Chaparral Lakes will have to meet some water and infrastructure requirements, but the proposed 144-unit subdivision east of North Tyler Parkway has cleared a major hurdle on its way to development.
A 4-2 Payson Town Council decision July 22 gave the go-ahead for 88 residential lots and a cluster of 56 residential units and followed the Planning and Zoning Commission's recommendation for approval of the zone change request.
Mayor Vern Stiffler and Council member Hoby Herron opposed the request at the regular council meeting. Council member Ken Murphy was absent.
The request received some negative commentary during the public hearing. Current zoning is for approximately 36 four-acre lots.
The council approved the proposed development contingent upon the developer finding water. According to a report from Town Zoning Administrator Rudy Frost, wells have been drilled on the site and are being tested.
Frost said the developer received approval for a conditional use permit in June 1998 for four lakes on the property, which would store effluent water from the sanitary district when it's available for use in watering the golf courses. Also included in the permit was a nursery project which would be used to store boxed trees taken out during construction.
The proposed development includes two accesses off North Tyler Parkway, and an emergency access connecting to North Grapevine Drive, a private roadway in the Chaparral Pines development.
Town staff found that there are concerns with the development meeting water and other infrastructure requirements. They also said that the proposed subdivision offers no housing options to the town's low- and medium-income residents.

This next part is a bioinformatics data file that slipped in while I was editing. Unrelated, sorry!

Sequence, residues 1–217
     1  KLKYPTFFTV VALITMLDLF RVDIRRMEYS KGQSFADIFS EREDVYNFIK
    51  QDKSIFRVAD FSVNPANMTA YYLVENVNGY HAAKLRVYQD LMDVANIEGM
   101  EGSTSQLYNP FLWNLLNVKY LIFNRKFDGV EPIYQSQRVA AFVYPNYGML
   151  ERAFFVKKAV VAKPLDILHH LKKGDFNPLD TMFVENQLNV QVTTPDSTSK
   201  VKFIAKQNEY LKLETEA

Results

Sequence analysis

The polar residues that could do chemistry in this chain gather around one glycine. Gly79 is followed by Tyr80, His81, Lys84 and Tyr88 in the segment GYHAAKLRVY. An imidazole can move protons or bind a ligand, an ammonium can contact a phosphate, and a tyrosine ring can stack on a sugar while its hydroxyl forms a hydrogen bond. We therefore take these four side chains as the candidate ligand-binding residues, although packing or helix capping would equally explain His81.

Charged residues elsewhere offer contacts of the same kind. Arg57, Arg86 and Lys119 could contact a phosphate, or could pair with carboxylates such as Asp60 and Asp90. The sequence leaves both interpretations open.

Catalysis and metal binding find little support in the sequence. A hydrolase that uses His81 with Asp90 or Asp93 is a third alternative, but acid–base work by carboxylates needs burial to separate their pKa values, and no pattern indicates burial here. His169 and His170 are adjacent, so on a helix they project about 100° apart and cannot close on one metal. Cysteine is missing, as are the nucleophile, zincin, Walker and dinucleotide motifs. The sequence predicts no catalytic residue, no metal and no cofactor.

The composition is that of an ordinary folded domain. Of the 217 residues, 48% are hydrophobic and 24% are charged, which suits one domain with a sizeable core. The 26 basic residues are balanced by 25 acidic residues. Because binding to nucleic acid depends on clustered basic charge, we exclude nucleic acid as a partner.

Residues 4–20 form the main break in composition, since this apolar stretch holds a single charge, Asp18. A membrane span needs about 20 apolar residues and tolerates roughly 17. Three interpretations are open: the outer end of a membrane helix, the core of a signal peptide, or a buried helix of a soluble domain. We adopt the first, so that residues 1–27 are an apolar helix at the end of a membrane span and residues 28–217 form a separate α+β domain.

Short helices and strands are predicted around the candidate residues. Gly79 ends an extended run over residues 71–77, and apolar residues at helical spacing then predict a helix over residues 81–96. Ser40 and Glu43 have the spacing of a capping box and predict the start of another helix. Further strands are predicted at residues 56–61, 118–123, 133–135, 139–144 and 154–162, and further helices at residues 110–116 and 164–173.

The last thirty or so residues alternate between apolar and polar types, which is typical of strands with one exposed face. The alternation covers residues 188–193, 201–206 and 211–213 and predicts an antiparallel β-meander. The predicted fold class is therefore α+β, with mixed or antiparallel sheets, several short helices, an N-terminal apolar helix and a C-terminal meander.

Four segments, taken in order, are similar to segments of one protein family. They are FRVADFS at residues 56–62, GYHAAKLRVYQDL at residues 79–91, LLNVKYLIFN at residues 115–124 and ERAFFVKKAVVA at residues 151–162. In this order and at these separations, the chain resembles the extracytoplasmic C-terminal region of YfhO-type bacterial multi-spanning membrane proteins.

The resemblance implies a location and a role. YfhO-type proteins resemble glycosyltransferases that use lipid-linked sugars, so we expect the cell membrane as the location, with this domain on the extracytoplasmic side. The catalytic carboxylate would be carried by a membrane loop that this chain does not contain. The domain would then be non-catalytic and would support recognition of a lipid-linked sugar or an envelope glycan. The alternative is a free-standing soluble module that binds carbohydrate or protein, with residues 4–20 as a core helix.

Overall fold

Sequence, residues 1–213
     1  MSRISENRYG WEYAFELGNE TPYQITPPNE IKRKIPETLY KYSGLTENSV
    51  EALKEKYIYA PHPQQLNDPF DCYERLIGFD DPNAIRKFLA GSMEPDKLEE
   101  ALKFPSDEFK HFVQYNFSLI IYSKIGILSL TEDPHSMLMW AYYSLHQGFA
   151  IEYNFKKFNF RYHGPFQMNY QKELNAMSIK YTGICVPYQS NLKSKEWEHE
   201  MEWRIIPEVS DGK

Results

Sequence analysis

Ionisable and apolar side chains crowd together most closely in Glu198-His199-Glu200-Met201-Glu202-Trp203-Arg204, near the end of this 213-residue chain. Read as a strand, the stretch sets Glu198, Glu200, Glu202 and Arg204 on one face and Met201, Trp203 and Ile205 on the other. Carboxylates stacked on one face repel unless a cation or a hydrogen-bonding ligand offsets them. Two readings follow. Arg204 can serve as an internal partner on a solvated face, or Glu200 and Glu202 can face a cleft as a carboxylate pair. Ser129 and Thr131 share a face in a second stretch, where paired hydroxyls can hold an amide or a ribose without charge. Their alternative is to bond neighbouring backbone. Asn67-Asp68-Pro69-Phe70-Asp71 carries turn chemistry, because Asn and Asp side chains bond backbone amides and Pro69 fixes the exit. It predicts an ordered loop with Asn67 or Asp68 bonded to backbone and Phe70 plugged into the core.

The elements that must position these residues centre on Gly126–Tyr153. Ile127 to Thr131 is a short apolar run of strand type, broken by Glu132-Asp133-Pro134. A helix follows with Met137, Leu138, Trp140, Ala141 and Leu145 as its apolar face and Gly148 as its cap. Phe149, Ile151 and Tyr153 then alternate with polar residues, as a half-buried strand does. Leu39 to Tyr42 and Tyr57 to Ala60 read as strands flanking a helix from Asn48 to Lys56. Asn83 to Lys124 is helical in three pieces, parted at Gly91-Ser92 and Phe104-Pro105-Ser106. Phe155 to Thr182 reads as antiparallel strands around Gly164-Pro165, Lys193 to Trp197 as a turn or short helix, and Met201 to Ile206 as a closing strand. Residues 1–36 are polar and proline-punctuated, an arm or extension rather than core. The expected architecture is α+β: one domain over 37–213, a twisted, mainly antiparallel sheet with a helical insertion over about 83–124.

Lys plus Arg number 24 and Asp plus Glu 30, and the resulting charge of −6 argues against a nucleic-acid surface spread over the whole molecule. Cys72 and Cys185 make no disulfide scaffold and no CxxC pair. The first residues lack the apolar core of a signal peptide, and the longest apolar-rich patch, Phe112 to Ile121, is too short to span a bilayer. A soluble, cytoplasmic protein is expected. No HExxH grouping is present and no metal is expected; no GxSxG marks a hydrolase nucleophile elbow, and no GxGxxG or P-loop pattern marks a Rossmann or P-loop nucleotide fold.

But because the request conforms with the Payson Land Use Plan and the town's development standards, staff recommended that the council approve the zone change request. They found that the proposed development is compatible with the topography and surrounding property uses.
Small subdivision rejected
In other business, the Town Council rejected a request by Randall S. Troutman for a zone change to allow five residential lots on 5.28 acres east of North Chaparral Pines Drive. In doing so, they followed a recommendation by the Payson Planning and Zoning Commission to decline the request. The commission had voted 5-1 to deny approval.
Georgia Salwitz cast the lone dissenting vote at the June 28 meeting of the commission. Salwitz said she believed she was being an advocate for people's rights.
"I believe the covenants were broken in that area when the council allowed Pinegate," she said. "In this scenario, I thought the one-acre parcel was the best we could hope for."
During the pubic hearing at the council meeting, a number of residents who opposed the rezoning said they had purchased property on North Chaparral Pines Drive primarily because of the two-acre zoning. They objected to what they called the density that would be created with the proposed subdivision that would allow horses on the one-acre lots.
Don Harmon, one of those who spoke at the public hearing, said he had searched all over the state to find his two-acre property. "All the owners understood it was zoned two acres when they purchased the property," he said.
Troutman said, "We've been here before several times and I've taken all the suggestions I've been given. Last time I was here, they wanted horses. Now, I've added horses."
Gary Spragins, a property owner at Chaparral Pines, said the proposed subdivision on the small, five-acre piece "is a little too dense."
"Generally, the horse set-up would be in the back of the yard," he said. "We want to keep the horse property at about a two-acre minimum."
The vote was 6-0 to deny the request to rezone.